In the two months since former Comedy Central host replaced David Letterman on CBS's The Late Show in early September, Stephen Colbert has been losing ground to Jimmy Kimmel on ABC and NBC's Jimmy Fallon, a drop that has sent him to third place in late-night viewers, according to The Great Late-Night Poll conducted by measurement firm Penn Schoen Berland for The Hollywood Reporter.
According to lead pollster Jon Penn, Colbert has brought his emphasis on left-wing politics to a much larger audience, a strategy that both Kimmel and Fallon usually struggle to avoid. However, “viewers want to be entertained and informed, which would expand the influx of political guests.”
"On the political spectrum, they are the 'swing' in between the more conservative-leaning Kimmel and the more liberal-leaning Colbert viewers," Penn said.
However, Joe Concha of the Mediaite website noted that the liberal comedian “has successfully alienated self-described Republicans. … And with the country as polarized as it is, the host is thereby saying goodbye to half his potential audience, which can’t be a sound business model.”
On the other hand, the CBS late-night host has been able to retain a good chunk of his core audience acquired from his weeknight stint on the Comedy Central cable channel, the lead pollster said, and his audience “is filled with wealthy, socially liberal men who overwhelmingly support legalizing marijuana and want Bernie Sanders to be president.”
According to the online survey conducted of 1,000 late-night viewers between Nov. 6 and Nov. 10, 47 percent of Colbert's audience are Democrats, and among their favorite shows are Family Guy, Game of Thrones, South Park, The Walking Dead and Doctor Who.
Otherwise, the poll was split equally between men and women, and those contacted varied in age from 18 to 65 years old.
Colbert's viewers skew young and male, with most viewers coming in the highly important demographic of 18- to 54-year-olds. Only 17 percent of his audience is Republican, while 33 percent of Kimmel's viewers come from the GOP.
Fallon is the host who has benefited most from the departure of David Letterman. According to the poll, 48 percent of Fallon viewers are married, 36 percent are Democrats, and their alcohol of choice is a tie between beer and wine, according to the Penn Schoen Berland poll. Fallon also draws in a higher proportion of female viewers, 55 percent, than Colbert or Kimmel.
Nevertheless, Concha declared: “For Stephen Colbert, the late-night honeymoon appears to be over.”
The Mediaite editor asserted that this “dose of reality” is a result of the fact that other than his opening week, Colbert has been beaten “every week with plenty of room to spare.”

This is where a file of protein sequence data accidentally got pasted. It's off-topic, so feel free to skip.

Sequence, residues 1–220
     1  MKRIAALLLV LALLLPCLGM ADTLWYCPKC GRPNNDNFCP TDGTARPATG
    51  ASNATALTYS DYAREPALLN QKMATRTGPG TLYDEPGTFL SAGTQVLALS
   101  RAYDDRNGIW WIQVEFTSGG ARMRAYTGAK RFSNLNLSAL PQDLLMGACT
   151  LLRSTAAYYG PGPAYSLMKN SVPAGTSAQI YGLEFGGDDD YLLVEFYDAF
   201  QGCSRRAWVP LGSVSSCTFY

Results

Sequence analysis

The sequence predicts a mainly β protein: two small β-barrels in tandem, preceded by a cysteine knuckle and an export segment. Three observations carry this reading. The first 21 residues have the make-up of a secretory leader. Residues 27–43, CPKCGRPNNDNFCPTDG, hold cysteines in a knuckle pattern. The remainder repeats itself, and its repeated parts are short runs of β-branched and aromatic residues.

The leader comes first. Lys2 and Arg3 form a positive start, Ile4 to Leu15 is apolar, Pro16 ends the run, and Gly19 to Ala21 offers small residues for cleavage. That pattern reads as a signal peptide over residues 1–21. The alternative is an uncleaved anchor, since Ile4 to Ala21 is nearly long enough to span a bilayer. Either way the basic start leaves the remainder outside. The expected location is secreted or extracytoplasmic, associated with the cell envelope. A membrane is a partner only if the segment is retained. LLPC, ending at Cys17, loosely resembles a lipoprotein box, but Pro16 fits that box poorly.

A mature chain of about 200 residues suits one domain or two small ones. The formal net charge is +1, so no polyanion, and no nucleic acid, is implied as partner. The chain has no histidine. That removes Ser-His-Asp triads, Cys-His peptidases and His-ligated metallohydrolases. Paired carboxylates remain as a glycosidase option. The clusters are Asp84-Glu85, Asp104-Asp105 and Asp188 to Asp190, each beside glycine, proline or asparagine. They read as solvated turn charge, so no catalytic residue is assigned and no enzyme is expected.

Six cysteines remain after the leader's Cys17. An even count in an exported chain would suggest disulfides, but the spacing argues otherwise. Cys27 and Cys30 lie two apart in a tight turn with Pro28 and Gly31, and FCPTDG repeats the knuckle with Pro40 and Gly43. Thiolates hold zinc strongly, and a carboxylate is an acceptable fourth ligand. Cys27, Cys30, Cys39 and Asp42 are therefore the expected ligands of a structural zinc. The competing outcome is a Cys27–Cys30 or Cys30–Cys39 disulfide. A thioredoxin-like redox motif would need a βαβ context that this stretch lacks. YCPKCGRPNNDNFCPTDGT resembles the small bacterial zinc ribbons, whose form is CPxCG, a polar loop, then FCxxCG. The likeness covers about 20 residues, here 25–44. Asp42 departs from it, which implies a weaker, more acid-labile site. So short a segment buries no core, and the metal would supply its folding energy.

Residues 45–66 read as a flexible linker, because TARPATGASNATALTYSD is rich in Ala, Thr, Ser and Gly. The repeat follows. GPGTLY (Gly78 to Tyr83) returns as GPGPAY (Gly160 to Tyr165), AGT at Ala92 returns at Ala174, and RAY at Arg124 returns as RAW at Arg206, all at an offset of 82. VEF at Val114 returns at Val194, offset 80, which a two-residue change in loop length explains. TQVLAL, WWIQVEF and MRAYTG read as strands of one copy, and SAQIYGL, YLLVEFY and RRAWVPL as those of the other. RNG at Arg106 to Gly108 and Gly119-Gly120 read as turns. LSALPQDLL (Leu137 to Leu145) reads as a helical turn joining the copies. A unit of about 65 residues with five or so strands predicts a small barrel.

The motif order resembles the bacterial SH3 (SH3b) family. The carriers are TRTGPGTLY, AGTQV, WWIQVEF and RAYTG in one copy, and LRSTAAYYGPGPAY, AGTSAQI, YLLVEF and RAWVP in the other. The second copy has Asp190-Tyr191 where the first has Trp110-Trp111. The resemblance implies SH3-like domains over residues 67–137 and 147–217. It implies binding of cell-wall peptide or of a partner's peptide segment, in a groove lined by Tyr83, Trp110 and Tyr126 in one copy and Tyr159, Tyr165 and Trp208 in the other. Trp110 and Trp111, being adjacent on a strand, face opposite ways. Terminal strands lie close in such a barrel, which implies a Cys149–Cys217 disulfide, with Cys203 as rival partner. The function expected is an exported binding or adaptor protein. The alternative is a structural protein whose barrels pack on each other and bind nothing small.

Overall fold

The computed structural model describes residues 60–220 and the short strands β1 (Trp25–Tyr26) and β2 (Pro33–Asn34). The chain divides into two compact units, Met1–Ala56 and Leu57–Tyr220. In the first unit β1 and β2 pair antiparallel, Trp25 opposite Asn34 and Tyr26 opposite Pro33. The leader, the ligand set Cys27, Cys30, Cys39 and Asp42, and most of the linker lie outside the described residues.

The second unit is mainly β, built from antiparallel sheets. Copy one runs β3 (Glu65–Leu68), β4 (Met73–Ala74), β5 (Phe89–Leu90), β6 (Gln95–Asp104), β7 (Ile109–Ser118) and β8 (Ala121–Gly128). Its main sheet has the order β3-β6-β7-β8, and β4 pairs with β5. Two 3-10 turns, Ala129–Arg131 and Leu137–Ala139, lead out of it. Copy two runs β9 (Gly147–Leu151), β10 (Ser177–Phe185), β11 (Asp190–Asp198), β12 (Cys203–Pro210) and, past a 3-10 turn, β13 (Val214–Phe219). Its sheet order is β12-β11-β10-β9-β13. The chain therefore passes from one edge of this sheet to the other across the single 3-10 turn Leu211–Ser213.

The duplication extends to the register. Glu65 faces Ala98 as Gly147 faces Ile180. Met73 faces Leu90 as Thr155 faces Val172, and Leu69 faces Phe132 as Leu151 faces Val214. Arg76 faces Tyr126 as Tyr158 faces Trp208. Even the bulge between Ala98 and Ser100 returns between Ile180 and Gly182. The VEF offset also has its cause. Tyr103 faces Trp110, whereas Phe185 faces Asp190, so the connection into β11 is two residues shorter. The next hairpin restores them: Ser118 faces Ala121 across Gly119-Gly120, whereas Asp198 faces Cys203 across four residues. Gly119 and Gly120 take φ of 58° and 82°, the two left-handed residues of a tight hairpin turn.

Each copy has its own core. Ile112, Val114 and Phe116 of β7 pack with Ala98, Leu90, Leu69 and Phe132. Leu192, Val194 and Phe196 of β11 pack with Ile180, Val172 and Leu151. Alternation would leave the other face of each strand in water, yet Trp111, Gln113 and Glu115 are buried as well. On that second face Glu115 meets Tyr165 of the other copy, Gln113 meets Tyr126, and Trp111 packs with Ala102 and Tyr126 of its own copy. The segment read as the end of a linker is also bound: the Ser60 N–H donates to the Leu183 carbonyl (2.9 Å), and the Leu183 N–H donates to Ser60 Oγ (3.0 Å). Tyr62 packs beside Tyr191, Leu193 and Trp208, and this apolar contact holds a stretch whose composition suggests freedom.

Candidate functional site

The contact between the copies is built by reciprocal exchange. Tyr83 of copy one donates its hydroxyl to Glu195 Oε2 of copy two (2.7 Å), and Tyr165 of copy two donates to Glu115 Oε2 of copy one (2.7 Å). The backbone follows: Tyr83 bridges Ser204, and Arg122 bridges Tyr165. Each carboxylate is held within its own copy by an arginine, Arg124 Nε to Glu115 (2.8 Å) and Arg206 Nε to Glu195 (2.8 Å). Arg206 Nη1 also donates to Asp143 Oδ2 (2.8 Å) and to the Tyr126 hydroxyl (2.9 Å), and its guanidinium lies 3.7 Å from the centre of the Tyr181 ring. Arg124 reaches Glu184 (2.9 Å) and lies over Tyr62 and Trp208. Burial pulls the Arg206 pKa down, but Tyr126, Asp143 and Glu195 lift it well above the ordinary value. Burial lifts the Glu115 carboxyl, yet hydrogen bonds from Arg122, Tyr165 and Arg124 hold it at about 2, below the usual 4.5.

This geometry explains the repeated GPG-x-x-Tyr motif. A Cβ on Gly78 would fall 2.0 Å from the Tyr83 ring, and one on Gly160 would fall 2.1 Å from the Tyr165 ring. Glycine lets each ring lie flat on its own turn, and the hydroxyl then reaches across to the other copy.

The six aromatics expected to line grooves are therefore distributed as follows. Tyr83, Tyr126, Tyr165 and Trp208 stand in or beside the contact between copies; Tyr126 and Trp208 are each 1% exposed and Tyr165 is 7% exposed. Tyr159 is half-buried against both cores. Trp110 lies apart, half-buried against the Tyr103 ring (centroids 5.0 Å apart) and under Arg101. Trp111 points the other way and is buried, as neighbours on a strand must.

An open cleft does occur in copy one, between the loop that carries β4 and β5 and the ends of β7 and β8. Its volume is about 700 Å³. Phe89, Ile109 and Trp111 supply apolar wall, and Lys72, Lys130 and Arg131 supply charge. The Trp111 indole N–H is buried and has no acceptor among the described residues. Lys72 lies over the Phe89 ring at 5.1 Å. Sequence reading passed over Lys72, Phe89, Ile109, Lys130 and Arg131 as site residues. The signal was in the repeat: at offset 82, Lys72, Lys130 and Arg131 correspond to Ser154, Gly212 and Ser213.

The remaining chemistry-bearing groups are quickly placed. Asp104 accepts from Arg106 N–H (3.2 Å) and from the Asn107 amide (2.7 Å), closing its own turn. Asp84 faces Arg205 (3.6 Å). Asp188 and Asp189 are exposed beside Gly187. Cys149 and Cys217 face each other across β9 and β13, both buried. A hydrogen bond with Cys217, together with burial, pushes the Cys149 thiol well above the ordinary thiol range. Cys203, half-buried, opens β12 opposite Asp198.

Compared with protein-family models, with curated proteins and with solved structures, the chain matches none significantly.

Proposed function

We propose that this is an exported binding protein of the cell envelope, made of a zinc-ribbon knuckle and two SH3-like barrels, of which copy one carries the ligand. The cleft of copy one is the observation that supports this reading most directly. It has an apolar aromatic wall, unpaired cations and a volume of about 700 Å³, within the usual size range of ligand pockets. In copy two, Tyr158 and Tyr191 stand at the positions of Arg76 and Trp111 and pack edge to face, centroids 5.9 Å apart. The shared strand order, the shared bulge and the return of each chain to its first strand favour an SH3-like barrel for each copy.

“That’s not to say Colbert has disappointed anyone at the Tiffany Network,” the Mediaite reporter stated, since the CBS host has regularly finished a solid second ahead of Kimmel in both total viewers and the demo in September and much of October.
Meanwhile, Penn stated: “Fallon is the host who has benefited most from the departure of David Letterman.”
According to the poll, 48 percent of Fallon viewers are married, 36 percent are Democrats and their alcohol of choice is a tie between beer and wine,
Fallon also draws in a higher proportion of female viewers, 55 percent, than Colbert or Kimmel.
“Most importantly for Colbert,” Concha noted, “he’s found a niche in offering what the Jimmys can’t really offer (particularly Fallon): consistent political satire and more substantive interviews with big political guests.”
“But therein lies the rub,” Concha continued. “Most sit-downs with politicians don’t exactly result in riveting television (outliers like Donald Trump or Hillary Clinton to a lesser extent notwithstanding. And Colbert has shown almost no willingness to hit both sides of the aisle even close to equally.”
As a result, only 17 percent of Colbert's viewers are Republicans, while attracting 47 percent of those who identify as Democrats, a 30-point gap, Concha stressed.
“But more liberals watch late-night TV than stuffy, old conservatives, right?” he asked. “Guess again. In Kimmel’s case, the split is 34 percent Democrats, 33 percent Republicans. In Fallon’s, it’s 36-31 Democrats.”
“Why so even?” Concha asked. “Because Kimmel and Fallon go through great lengths to be apolitical,” while Colbert's commentary centers on “how stupid/awful/inept Republicans are.”
“Colbert is Colbert,” he continued. “And that’s fine on Comedy Central, even downright expected. But network TV? Not so much….”
“Stephen Colbert now drops to third place,” Concha concluded, “a result about as predictable as whom and what his political targets will be during each night.”